We find that the trial court did not abuse its discretion in denying defendant's motion for a continuance. The court had for its consideration the medical report of Dr. Gilady and the opportunity to observe Susan Kaiser. The record reveals that during the course of the entire proceedings the court was sympathetic with the defendant's disability and considerate of her needs. At no time during the course of the trial did the defense request a recess in order to confer with Susan Kaiser or to afford her a short period of rest. Moreover, a reading of her testimony reveals that the defendant possessed an acute awareness and a "rational as well as factual understanding of the proceedings" against her. Dusky v. U.S., supra. Her answers were clear in expression and responsive to interrogation.
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It is noted that the aforesaid medical report of Dr. Hirsch, produced by Susan Kaiser on her application for a continuance, was extremely brief and couched in general terms. Furthermore, the record shows that appellant's counsel expressly rejected the court's aforesaid offer on the opening day of the trial to recess the proceedings at any time to permit her to confer with her counsel. Moreover, at no time during the trial did she submit any medical evidence that she was physically unable to proceed.
In addition to her contention that the trial court's decision not to grant a continuance was factually unjustified, defendant claims that it amounted to an abuse of discretion for two additional reasons, viz. , because matters outside the record were considered by the court, and because the denial of the motion for a continuance was assertively based upon the trial court's alleged fear that Susan Kaiser would never be physically fit to stand trial.
The first reason stems from the trial court's out-of-court conversation with Dr. Gilady, after receiving his medical report, and the refusal to permit oral interrogation of Dr. Laytham after he had examined Susan Kaiser. In support of her contention defendant relies upon two cases involving findings by administrative tribunals, based upon matters outside the record relative to the merits of the substantive issues with reference to which the tribunals were there concerned. Elizabeth Federal Savings & Loan Ass'n v. Howell , 24 N.J. 488, 506 (1957); Mazza v. Cavicchia , 15 N.J. 498, 514 (1954). They are inapposite. They are completely unrelated to the matter with which we are here concerned -- whether the trial court abused its discretion in denying Susan Kaiser's application for a continuance of the trial and rejecting her later motion for a mistrial. Under the facts here present we determine that the defendant was not prejudiced by the procedure followed. For the record the court stated its recollection of its conversations with Dr. Laytham and Dr. Gilady. See Shaneyfelt v. State , 40 Ala. App. 13, 109 So. 2 d 146 (Ct. App. 1958). Defendant's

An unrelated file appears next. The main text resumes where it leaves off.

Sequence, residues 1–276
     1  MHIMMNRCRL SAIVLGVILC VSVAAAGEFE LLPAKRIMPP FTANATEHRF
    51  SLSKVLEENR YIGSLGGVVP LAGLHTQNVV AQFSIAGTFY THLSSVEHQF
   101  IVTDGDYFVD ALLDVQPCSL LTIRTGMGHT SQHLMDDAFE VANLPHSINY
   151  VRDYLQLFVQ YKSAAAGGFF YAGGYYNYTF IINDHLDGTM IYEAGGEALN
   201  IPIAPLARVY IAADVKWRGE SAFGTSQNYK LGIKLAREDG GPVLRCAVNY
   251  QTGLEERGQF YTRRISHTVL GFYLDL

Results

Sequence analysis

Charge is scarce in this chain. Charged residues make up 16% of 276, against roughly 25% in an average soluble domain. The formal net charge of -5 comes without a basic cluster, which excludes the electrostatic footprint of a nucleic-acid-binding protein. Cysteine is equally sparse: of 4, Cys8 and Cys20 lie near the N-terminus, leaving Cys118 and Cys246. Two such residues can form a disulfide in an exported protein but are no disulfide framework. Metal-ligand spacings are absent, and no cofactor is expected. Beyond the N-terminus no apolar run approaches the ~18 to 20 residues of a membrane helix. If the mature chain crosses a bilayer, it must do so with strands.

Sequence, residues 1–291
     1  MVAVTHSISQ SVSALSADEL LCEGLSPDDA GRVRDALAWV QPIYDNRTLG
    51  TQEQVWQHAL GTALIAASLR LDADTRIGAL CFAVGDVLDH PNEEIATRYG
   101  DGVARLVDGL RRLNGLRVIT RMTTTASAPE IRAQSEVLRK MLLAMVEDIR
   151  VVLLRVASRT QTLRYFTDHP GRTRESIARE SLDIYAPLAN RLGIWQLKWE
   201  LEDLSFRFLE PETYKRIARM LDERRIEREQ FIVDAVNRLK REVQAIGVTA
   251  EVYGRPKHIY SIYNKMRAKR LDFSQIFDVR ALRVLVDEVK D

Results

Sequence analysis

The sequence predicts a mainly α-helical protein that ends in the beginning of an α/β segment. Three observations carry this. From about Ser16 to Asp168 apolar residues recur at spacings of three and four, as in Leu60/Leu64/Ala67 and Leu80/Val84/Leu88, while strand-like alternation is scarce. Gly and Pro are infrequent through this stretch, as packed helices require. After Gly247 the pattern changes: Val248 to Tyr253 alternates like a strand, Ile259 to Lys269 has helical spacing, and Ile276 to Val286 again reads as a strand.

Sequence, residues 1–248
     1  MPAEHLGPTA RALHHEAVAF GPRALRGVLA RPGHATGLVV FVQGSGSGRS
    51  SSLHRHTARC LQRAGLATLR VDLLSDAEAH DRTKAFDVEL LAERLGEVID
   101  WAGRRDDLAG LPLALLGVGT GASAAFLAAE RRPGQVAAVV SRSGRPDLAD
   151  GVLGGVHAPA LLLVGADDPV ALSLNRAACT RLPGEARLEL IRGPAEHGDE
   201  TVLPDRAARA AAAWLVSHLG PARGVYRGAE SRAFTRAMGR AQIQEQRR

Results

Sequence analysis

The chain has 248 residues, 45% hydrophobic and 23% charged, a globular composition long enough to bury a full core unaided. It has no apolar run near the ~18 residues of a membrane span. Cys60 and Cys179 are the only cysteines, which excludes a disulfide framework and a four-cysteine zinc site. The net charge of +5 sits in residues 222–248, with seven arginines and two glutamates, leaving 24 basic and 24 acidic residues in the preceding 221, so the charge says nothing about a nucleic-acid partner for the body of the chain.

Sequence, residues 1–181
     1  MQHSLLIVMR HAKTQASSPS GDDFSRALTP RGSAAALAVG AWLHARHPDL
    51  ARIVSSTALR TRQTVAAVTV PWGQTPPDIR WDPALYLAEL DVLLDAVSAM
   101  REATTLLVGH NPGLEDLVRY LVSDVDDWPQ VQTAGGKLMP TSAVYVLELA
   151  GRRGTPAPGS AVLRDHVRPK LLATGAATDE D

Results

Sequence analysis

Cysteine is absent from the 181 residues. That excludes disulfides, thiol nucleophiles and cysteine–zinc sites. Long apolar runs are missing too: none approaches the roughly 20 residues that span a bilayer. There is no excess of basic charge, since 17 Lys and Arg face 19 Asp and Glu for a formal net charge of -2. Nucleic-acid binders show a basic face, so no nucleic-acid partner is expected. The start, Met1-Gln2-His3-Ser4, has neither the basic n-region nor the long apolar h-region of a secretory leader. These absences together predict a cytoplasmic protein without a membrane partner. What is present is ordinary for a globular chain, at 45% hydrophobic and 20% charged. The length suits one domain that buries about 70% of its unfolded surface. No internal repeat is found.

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counsel neither objected to Dr. Gilady's oral clarification of his written report, nor did counsel request that he be permitted to examine that doctor. Furthermore, although defendant's counsel requested an opportunity to examine Dr. Laytham, he registered no objection to the court's oral statement of its recollection of Dr. Laytham's findings as expressed by that doctor at the aforesaid side-bar conference at which defendant's counsel was present.
In support of her claim that the trial court's denial of a continuance of the trial was "motivated by over zealousness to move" the trial as scheduled, appellant cites Amo v. Genovese , 17 N.J. Super. 109 (App. Div. 1951), certif. den. 9 N.J. 181 (1952), and Pepe v. Urban , 11 N.J. Super. 385 (App. Div. 1951), certif. den. 7 N.J. 80 (1951). Both cases hold that it is an abuse of discretion to refuse a continuance solely on the basis of expediting the business of the court. As hereinbefore indicated, however, the prospect of an improved ability of the accused to stand trial in the future may properly be considered by the trial court along with other relevant factors. Annotation, 66 A.L.R. 2 d, supra , at p. 241; 22A C.J.S., supra , at p. 102. We find no indication in the record that the court accorded a disproportionate amount of weight to that consideration.
Appellant Susan Kaiser also claims prejudicial action by the trial court in permitting the prosecutor to read the transcribed portion of her testimony as above stated. We find no error in such action. Initially we observe that defendant interposed no objection to such reading. More importantly, as hereinabove noted, after the prosecutor had read the transcript, appellant's own counsel offered it in evidence and on her application it was received as an exhibit. She may not now complain. "Where an allegedly aggrieved party not only does not object at trial but by his own conduct endorses the action taken, he may not be heard on appeal to label that action as 'plain error.' Schult v. H. & C. Realty Corp. , 53 N.J. Super. 128, 136 (App. Div. 1958), certif. den. 29 N.J. 279 (1959)." Venuto v.
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Lubik Oldsmobile, Inc. , 70 N.J. Super. 221, 229 (App. Div. 1961).
Our examination of the charge of the trial court reveals no basis for appellants' contention that the court's charge was inadequate.
The record before us discloses ample justification for the jury's verdict as rendered.
The conviction of appellants is affirmed.